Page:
We’ve kind of grown used to the website in the ad. After 15 years, we expect it. If you have an ad, you need a website. Simple. Now we have the Twitter logo, the Facebook logo, theYouTube logo and more. “Follow us,” these ads say. Okay.
But here’s the problem. In the past with an 800 number there was a clear reason for having the connection point. “Order now.” There was a reason to call. A real reason. But now the value exchange has become, “follow us so we can market to you a little more.” Basically we’re saying, “Like our ad? Then follow us and get more ads!”
Who the hell wants more ads?
I mean seriously? Who of us wakes up in the morning and says, “You know what, I hope I get even more ads today. More than yesterday. Maybe more than I’ve ever had in my whole life. And in fact, when I see an ad, I’m gonna go seek out that advertiser online so that I can get the rest of the story or see more of Danica Patrick. That would be awesome!”
It started with the website, but now it’s painfully obvious that we have no idea why we are promoting our online presences. I mean, God forbid we ask for a sale! That would be too obvious. So instead with limply offer our Facebook page and say, “Follow us.” Maybe if we’re a bit more creative we add, “And get a 50% off coupon.” If we’re feeling really wacky, we add a bit of spice and say, “See what happens next.” (Like it will kill me not to see the end of your lame car chase.)
There is no clear reason for engaging us beyond a tease offer. It’s almost like we expect the customer to do all the work here. If they like us enough to come and visit our site or YouTube channel, then they pass the test. They have navigated the gauntlet of our advertising ineptitude and we dub them, “Advocate!” E pluribus unum. Gloria in excelsis deo. See store for details. Amen.
Now I’m not saying get rid of web addresses in ads. There’s nothing wrong with listing a website. It certainly couldn’t hurt. Maybe we’ll get that one guy who luuuuuuurvvvves advertising, who will come and totally dive into the comments section.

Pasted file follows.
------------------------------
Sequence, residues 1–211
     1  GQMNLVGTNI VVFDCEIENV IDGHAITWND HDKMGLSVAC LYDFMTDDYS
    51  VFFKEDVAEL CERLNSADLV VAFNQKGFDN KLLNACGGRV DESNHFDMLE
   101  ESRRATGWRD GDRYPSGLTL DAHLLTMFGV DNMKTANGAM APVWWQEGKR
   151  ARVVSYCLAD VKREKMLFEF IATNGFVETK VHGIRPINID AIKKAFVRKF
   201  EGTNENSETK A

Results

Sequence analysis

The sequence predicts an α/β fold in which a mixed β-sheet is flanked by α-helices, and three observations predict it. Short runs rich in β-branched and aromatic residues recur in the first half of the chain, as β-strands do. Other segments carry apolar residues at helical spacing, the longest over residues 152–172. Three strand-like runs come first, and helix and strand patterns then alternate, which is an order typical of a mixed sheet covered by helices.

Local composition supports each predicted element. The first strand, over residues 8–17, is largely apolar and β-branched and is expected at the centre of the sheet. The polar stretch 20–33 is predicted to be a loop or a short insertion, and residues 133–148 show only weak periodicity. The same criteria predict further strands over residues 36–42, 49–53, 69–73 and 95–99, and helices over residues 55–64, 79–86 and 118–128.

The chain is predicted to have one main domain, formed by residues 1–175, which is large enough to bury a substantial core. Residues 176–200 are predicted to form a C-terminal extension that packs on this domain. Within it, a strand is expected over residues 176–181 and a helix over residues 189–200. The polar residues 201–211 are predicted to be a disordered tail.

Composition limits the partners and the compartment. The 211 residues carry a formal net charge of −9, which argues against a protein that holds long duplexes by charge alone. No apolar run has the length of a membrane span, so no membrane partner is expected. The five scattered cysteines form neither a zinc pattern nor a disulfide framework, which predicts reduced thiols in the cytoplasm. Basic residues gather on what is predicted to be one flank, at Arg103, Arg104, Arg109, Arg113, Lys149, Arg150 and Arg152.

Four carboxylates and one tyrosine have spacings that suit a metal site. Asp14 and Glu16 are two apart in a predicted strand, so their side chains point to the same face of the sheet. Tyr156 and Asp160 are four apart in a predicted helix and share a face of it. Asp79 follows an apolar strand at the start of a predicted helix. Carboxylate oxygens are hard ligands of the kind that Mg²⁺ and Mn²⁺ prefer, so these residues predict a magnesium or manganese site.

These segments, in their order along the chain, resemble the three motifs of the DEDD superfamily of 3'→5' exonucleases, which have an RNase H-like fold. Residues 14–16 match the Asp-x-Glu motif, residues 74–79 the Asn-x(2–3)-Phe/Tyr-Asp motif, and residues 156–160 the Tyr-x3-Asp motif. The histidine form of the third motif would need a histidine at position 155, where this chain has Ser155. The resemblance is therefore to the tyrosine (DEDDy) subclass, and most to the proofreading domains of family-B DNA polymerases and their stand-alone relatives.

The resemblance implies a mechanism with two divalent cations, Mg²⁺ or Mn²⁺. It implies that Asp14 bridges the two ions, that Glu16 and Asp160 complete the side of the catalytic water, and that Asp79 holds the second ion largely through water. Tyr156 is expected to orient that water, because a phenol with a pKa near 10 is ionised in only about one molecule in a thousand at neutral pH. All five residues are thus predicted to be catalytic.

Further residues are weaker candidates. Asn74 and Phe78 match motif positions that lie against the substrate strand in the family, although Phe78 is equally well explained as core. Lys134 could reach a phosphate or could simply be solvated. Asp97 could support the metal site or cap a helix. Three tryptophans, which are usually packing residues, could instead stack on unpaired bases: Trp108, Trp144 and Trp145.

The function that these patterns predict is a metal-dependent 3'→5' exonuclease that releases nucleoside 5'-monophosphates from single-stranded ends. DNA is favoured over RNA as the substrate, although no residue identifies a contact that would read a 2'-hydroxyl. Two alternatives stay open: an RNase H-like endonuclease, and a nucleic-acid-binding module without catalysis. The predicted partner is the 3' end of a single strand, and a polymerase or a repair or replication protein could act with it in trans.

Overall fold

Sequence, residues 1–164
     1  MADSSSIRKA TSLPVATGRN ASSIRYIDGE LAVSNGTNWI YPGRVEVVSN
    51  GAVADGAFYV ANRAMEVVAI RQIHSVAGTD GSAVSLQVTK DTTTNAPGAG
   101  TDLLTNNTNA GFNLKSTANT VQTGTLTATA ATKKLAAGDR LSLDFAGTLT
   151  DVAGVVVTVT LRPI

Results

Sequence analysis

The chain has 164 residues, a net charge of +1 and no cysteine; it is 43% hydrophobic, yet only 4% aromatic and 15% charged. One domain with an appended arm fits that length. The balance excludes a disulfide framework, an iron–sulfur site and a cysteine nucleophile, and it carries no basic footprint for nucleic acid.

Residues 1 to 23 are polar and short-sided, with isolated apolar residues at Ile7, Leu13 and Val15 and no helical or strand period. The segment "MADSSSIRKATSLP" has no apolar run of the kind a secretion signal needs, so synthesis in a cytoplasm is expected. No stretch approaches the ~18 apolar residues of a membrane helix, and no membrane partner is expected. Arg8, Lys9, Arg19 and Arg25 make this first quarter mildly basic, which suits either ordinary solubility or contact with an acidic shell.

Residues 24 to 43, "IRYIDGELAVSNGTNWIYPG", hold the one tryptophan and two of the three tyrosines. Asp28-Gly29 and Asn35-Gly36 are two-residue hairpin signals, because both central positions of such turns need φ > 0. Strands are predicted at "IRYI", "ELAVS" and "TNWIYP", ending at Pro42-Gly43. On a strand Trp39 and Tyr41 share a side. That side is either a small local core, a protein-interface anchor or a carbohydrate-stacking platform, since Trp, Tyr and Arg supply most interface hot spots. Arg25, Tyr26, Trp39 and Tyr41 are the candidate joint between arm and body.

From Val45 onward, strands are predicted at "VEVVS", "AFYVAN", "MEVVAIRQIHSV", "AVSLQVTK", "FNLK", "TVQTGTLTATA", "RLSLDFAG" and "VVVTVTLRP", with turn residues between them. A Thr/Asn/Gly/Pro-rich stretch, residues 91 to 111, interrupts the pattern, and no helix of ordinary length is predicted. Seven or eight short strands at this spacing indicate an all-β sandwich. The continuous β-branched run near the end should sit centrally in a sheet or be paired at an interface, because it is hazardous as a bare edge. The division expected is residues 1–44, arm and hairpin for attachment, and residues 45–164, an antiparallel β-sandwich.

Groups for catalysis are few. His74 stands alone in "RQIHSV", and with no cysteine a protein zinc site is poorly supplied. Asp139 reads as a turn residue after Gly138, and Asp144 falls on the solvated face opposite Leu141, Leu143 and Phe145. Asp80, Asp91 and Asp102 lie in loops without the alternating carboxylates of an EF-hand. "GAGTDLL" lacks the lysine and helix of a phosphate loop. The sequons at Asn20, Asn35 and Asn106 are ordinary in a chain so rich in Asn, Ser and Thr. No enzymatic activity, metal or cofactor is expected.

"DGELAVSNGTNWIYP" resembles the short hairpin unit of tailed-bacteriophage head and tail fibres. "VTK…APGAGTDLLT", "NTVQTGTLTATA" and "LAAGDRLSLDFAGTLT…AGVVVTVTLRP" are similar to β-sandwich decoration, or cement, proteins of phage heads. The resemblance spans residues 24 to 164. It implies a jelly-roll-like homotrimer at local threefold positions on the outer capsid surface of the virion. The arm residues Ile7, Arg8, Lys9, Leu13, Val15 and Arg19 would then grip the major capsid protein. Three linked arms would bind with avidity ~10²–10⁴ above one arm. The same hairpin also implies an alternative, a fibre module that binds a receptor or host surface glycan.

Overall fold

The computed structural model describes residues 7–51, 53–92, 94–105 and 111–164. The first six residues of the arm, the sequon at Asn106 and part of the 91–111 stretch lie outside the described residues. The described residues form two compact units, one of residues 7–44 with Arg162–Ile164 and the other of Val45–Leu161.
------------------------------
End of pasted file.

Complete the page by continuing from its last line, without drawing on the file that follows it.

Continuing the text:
The problem is not in the listing, but in the understanding. We don’t understand how digital and social media work, so we apply old media understanding to our execution. We make our ad campaign episodic and put portions of the ad campaign online so that we can appear digital. (Look at us! We put a commercial on YouTube! We rock!) Or we try to shortchange the hard work of relationship building and jump right to the “let’s get married” phase of marketing and ask for a like before we’ve even really met.
Marketing has always been guilty of crap like this. It’s just now more of us are getting guiltier and guiltier of doing it, because it’s easier and easier to do. “Come Like us on Facebook,” might as well be changed to “Come Lick us on Facebook and see what you think,” because that’s the extent of the relationship most of us are forming.
So I urge you. I plead with you. If you are in marketing, please think through exactly what you’re asking for when you list a site on a social platform. Have a clear followup and understand what the value is that you are offering. Otherwise you are wasting all of our time.
Oh, and by the way, follow me on Twitter at @thebeancast.